Note, too, that one of the highly praised attributes of NZ Super is that people get it even if they have never paid taxes. This includes people with health and disability issues and — in the past at least — women who stayed out of the work force to raise a family.

On your final point, today is as good as another day! But it rather depends on how you look at what actually happened, as outlined above.

In any case, the government could make NZ Super tax-free, and simply pay everyone a lower amount to compensate for that. But that would mean people on million-dollar incomes would get the same Super as those earning no other income. Do you want that?

QI am looking at purchasing a leasehold property. My main reason for this is to get out of renting, which has become increasingly more expensive.

I have looked into mortgage options, but these are limited for me due to my age and income. Buying a leasehold property priced at around $100,000, with a low land lease for the next decade, I thought could possibly be an option.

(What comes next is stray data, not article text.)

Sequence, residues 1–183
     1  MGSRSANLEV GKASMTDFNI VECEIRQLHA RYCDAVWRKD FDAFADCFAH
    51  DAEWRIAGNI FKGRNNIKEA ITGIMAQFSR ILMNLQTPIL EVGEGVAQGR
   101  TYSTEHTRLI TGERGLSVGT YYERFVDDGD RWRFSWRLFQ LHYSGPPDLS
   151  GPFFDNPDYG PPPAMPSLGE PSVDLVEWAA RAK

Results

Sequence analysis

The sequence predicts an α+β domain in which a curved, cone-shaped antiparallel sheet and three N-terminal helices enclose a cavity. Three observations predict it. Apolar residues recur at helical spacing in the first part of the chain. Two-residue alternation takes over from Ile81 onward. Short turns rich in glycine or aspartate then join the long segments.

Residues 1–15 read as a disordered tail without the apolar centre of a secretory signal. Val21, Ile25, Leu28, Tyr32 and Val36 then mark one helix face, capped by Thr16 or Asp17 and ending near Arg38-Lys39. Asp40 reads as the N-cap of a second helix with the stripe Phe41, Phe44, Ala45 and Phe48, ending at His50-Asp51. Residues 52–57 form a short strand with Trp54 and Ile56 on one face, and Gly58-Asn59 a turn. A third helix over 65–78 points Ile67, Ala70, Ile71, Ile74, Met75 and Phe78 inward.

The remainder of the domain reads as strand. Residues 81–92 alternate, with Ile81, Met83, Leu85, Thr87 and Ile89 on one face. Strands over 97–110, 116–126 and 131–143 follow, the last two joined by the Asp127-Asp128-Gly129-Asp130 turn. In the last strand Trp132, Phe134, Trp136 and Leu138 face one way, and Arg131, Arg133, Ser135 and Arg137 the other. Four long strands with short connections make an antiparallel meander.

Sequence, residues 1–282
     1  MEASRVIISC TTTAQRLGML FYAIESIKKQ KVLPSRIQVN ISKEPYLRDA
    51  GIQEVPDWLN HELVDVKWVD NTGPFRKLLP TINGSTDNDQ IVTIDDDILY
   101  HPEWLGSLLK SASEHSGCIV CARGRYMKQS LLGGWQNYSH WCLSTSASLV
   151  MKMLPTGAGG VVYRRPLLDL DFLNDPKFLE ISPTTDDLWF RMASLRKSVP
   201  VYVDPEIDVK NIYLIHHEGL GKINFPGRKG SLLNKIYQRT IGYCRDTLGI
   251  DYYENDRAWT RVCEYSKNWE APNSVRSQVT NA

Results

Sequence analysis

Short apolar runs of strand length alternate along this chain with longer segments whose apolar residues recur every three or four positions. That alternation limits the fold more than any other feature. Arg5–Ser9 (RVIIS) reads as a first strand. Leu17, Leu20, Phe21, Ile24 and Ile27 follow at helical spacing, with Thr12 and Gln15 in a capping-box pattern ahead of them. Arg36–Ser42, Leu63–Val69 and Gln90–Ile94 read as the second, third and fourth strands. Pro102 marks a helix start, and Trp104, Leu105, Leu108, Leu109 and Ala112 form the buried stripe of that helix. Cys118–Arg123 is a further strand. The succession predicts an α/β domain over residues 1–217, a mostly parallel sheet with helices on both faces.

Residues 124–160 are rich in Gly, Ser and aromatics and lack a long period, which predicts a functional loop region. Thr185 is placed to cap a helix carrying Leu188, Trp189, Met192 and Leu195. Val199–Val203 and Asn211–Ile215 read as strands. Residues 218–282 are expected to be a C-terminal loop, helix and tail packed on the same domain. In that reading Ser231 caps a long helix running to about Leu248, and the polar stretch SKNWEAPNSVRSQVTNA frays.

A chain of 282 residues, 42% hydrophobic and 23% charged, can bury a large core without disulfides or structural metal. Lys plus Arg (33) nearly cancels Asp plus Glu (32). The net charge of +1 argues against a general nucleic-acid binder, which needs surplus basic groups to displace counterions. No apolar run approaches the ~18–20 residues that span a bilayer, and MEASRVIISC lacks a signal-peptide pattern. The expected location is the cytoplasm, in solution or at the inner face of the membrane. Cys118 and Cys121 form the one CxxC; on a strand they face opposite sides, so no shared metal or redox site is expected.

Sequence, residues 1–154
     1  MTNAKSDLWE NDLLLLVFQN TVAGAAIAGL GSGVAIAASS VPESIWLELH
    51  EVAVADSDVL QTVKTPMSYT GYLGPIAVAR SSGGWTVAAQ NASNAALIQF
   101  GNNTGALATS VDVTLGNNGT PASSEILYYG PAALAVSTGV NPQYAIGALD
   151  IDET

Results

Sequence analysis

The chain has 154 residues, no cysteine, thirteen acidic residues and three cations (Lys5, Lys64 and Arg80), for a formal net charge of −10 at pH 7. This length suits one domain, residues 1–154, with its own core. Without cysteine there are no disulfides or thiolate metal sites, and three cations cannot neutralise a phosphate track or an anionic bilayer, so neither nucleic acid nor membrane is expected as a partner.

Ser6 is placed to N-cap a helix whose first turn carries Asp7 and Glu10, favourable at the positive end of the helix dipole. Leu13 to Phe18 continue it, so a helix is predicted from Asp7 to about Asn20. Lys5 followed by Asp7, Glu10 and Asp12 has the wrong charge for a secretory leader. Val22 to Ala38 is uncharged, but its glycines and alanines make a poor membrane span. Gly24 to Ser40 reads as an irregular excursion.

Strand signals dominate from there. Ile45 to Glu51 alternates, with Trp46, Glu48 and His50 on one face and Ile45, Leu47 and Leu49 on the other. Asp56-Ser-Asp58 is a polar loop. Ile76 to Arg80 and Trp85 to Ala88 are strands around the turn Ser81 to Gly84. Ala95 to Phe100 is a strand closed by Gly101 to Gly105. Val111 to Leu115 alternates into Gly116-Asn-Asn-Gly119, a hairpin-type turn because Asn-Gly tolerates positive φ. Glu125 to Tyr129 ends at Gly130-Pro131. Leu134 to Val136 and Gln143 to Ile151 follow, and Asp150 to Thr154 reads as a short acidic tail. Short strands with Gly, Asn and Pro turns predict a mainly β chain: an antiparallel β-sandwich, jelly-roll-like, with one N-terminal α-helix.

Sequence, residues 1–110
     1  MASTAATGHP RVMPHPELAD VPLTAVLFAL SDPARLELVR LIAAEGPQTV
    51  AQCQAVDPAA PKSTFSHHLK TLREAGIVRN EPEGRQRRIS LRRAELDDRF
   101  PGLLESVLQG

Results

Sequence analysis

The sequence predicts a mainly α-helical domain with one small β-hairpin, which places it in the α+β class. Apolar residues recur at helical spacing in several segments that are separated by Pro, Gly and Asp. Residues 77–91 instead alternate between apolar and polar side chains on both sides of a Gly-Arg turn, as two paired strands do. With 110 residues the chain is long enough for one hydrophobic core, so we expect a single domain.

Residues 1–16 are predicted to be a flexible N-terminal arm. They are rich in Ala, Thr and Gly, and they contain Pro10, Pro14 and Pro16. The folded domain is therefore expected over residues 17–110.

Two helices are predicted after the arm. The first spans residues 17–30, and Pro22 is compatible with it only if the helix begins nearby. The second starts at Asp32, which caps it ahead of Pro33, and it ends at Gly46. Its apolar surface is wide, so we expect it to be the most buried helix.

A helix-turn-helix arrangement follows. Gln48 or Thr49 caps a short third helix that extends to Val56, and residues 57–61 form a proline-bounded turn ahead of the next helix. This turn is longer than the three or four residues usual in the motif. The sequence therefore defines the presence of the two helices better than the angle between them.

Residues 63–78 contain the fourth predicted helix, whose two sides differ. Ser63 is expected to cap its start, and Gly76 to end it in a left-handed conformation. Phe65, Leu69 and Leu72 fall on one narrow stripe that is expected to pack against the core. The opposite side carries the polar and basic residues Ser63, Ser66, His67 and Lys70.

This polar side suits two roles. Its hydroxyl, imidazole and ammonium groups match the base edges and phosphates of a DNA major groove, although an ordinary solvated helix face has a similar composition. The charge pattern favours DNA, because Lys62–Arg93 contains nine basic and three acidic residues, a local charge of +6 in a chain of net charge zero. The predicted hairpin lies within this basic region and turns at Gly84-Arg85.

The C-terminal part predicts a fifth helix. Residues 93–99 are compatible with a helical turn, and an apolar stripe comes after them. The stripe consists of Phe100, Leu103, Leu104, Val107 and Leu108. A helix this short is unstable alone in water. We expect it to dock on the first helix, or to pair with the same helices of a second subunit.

I realise the risk with buying leasehold is the unknown of how much the lease will increase in that period of time.

Are there any other options for an older person to buy a property that would be their first home, using their KiwiSaver as deposit?

AAre you a high-risk investor? No? I didn’t think so. So please don’t buy a leasehold property.

Whenever something is much cheaper than you would normally expect, it’s wise to look into the reasons before buying.

Leasehold property can seem ridiculously cheap, but that’s because hardly anyone wants it. When the lease is renewed, the new rent will probably be based on increases in land values in the area. And over long periods those increases can be huge — especially in Auckland these days.